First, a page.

Whyte made a major change in his life.
“I decided that I had to start treating this more like a business. I quit my job, quit the bars and took a job as a garbologist,” said Whyte. “So now I am getting up at 5 a.m. -- heck before I use to go bed at 5 a.m. and wake up at 5 p.m. -- and picking up trash. It sucks, but I am making money and I have been able to use the time each day to think and write songs.”
When Whyte finishes his day, sometimes at 7 p.m., he heads to the computer and checks in with his longtime bandmate, guitarist Shawn McGhee who moved to Arizona to work construction.
“We go back and forth on lyrics, business ideas and our plans for when we arrive in L.A.,” said Whyte. “This music thing is expensive but Shawn and I are committed to this and so is our bass player Joe Alpers.”
The biggest expense the band has incurred is developing their CD “Tomorrow’s Another Day.” Whyte has spent over $14,000 and two years to get a sound that he is happy with.
“This is my resume when I go out West. I want it right,” said Whyte. “I am banking my future on this.”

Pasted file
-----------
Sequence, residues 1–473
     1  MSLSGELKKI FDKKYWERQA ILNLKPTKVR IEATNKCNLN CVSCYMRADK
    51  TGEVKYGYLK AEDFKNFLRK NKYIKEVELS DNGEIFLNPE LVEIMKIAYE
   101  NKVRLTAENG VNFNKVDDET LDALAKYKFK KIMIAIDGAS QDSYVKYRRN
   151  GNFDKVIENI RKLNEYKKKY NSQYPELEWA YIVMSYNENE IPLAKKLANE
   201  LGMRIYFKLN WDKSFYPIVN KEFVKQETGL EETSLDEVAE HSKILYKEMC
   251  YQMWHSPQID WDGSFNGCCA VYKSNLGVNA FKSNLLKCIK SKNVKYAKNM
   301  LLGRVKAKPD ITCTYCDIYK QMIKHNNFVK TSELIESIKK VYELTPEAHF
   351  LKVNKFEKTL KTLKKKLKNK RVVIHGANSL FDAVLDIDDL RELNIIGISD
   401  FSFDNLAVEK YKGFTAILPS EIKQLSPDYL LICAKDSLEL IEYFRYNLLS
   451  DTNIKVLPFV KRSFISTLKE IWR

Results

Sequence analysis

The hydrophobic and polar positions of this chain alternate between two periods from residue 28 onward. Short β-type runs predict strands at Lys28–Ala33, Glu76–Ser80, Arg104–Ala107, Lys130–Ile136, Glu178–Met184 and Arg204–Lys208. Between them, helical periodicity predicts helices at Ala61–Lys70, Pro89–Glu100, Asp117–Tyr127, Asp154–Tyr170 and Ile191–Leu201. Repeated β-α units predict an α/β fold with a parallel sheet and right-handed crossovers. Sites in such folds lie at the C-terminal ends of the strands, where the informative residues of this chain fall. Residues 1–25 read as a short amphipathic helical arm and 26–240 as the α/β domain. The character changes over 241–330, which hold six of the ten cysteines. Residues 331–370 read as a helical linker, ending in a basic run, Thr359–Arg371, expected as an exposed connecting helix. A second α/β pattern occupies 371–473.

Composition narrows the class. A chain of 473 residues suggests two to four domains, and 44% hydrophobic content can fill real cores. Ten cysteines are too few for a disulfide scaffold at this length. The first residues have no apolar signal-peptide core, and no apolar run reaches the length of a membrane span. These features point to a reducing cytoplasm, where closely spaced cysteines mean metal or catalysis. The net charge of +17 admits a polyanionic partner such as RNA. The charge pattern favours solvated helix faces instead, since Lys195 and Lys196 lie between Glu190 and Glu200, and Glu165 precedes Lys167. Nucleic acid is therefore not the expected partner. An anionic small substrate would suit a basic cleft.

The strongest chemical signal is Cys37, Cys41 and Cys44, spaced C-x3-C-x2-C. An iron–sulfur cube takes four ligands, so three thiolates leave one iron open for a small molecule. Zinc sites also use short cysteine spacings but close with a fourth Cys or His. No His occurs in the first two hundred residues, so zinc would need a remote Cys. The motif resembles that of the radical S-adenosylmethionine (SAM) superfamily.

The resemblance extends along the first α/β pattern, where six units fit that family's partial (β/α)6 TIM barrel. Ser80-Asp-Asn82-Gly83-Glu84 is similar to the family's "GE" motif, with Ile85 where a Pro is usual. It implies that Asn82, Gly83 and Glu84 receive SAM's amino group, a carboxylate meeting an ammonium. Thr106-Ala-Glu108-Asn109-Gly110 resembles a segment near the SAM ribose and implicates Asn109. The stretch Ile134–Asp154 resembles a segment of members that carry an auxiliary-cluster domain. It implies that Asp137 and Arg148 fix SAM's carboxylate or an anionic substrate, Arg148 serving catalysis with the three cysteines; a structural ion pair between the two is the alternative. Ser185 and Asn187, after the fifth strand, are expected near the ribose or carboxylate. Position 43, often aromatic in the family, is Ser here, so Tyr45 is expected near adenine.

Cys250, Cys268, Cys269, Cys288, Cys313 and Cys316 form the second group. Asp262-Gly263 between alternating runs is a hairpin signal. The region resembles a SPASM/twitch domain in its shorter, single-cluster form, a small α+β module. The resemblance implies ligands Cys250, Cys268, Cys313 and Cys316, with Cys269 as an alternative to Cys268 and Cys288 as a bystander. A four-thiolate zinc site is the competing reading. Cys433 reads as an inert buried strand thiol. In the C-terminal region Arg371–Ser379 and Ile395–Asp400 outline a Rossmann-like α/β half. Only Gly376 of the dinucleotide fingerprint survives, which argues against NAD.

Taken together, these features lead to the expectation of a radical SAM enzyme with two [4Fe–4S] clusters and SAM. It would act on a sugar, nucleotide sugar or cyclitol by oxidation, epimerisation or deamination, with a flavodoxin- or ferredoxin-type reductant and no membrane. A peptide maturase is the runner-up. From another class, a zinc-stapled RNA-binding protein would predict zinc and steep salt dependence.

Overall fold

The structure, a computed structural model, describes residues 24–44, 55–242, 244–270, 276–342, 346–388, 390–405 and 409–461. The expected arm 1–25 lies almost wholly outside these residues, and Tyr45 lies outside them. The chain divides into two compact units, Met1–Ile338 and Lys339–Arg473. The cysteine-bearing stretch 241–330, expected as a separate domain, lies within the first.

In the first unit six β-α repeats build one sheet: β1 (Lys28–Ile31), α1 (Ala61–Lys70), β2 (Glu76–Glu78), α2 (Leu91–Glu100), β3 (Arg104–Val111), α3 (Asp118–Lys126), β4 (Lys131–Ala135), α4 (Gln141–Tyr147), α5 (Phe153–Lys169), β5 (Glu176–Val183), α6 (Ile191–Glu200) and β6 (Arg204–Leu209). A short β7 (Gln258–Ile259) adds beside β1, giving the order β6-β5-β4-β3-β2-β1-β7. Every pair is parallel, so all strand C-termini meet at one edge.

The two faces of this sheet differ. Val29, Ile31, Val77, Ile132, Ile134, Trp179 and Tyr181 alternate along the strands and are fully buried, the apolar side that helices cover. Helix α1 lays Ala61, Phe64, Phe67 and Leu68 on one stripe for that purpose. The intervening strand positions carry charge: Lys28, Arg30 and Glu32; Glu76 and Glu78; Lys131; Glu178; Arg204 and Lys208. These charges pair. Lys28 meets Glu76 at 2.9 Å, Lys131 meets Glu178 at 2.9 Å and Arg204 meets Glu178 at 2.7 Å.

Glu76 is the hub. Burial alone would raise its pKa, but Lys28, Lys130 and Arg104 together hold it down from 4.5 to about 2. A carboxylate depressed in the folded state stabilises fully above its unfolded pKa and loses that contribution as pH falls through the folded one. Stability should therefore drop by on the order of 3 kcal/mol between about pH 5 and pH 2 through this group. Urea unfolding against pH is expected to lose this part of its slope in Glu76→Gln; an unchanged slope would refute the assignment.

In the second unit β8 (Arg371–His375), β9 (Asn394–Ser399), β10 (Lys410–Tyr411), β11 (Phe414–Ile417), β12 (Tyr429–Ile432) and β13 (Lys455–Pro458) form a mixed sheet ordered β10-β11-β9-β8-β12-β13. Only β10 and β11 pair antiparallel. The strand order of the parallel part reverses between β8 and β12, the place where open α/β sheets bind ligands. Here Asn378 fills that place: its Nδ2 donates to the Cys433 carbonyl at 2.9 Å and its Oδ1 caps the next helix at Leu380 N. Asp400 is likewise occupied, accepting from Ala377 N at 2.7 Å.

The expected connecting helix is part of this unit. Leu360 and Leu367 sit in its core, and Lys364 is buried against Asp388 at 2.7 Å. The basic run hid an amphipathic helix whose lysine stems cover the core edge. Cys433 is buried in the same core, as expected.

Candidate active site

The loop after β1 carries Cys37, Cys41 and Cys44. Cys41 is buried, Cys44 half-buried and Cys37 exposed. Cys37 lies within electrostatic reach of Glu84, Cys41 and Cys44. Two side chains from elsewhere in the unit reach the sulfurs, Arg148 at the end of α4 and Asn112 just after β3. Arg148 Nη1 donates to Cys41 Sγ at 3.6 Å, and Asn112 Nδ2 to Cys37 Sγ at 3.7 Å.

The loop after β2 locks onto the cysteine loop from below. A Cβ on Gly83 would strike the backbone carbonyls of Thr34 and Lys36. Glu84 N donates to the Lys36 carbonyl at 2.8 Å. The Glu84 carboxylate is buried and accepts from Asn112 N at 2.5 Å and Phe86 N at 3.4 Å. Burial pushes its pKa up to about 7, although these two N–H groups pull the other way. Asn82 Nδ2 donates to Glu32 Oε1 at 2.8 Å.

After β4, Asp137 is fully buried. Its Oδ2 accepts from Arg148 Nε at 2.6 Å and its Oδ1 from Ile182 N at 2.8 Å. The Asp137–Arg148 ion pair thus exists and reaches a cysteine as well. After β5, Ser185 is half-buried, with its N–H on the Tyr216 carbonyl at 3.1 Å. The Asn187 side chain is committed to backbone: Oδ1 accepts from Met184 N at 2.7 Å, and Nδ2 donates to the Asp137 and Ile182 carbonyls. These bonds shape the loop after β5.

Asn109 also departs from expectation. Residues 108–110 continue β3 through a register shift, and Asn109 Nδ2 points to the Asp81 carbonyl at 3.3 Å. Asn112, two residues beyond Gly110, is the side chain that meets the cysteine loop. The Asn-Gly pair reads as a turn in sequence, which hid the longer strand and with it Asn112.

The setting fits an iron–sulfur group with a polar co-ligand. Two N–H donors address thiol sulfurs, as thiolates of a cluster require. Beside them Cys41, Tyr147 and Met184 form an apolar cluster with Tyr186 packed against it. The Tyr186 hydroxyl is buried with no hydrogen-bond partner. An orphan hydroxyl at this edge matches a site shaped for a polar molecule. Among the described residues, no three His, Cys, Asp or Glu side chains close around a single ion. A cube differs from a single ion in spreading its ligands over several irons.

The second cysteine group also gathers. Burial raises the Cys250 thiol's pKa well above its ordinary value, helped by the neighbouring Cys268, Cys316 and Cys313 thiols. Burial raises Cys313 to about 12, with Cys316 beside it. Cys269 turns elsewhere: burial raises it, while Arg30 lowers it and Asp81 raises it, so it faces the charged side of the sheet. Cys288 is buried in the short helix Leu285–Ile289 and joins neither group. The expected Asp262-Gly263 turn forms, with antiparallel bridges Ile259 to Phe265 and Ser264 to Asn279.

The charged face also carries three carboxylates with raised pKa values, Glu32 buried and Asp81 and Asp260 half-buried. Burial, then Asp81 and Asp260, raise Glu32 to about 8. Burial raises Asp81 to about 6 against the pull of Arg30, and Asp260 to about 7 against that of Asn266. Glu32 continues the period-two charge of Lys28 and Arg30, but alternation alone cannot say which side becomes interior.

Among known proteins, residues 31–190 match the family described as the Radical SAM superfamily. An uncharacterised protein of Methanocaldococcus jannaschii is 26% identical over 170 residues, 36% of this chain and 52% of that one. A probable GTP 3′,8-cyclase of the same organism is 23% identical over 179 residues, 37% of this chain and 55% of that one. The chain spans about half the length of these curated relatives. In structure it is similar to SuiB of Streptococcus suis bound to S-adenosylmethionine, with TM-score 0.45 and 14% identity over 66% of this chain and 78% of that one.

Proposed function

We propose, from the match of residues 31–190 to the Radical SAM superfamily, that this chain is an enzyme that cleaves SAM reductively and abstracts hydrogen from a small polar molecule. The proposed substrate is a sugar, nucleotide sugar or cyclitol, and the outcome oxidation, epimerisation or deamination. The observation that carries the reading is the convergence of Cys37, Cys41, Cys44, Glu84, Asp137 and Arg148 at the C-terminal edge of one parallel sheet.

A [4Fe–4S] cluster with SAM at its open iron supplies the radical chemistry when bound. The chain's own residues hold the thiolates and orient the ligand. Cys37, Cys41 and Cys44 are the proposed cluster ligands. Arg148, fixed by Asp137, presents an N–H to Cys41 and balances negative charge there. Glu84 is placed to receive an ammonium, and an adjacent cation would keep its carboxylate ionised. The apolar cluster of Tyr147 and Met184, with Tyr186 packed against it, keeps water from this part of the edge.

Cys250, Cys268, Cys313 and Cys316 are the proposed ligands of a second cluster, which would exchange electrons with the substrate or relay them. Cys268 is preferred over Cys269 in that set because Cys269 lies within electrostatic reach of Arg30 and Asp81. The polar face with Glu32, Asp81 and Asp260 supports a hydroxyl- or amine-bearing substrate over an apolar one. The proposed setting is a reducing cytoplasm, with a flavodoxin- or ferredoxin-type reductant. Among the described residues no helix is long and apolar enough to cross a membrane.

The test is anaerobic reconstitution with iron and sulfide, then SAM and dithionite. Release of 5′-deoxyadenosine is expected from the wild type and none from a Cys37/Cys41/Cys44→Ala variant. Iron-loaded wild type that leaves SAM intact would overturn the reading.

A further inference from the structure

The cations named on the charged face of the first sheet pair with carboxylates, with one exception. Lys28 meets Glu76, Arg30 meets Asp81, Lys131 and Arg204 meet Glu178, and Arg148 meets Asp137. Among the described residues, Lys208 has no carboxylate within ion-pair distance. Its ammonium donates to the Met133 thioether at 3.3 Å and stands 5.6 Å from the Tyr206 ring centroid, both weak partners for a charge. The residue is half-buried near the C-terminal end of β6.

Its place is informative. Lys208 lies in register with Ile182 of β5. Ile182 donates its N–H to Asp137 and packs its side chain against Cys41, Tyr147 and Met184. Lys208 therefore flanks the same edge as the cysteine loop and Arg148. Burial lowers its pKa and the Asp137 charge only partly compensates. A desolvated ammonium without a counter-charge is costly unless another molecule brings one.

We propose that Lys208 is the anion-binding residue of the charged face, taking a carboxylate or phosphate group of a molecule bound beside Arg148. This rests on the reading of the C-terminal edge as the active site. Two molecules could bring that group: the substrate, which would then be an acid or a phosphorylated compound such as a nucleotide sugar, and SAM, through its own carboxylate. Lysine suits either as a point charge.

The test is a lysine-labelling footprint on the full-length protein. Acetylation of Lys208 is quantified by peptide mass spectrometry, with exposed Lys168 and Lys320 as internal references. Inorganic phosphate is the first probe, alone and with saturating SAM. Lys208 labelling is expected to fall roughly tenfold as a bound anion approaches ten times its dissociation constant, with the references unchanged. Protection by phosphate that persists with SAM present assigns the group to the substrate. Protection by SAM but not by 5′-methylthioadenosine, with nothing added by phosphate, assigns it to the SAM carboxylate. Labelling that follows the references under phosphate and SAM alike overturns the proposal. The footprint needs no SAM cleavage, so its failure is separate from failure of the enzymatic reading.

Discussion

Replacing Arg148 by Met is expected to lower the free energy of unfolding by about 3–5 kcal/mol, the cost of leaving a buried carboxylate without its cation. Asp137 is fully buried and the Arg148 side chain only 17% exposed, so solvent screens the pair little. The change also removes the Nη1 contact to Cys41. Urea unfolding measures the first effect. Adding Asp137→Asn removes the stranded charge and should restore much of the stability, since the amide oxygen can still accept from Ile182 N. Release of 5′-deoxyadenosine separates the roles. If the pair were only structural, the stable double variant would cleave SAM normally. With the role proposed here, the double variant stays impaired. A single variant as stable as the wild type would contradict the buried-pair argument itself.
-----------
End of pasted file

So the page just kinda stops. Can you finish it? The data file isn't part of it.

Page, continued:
Whyte lives each day for his future, and why shouldn’t he? After all his past has been marred by a hell no child should ever have to experience. He says his biological father told Whyte at a young age, “Your mother raised you to be a pussy,” and those were the last words he heard from his father who quit calling after that statement. He says his stepfather beat the shit out of him with a frying pan on a regular basis. In between, various individuals sexually abused Whyte. He spent much of his youth moving back and forth between Washington and Northern Michigan. As a teenager he was homeless, living in his car and eating food scraps from the leftovers on customer’s plate at the restaurant he worked at.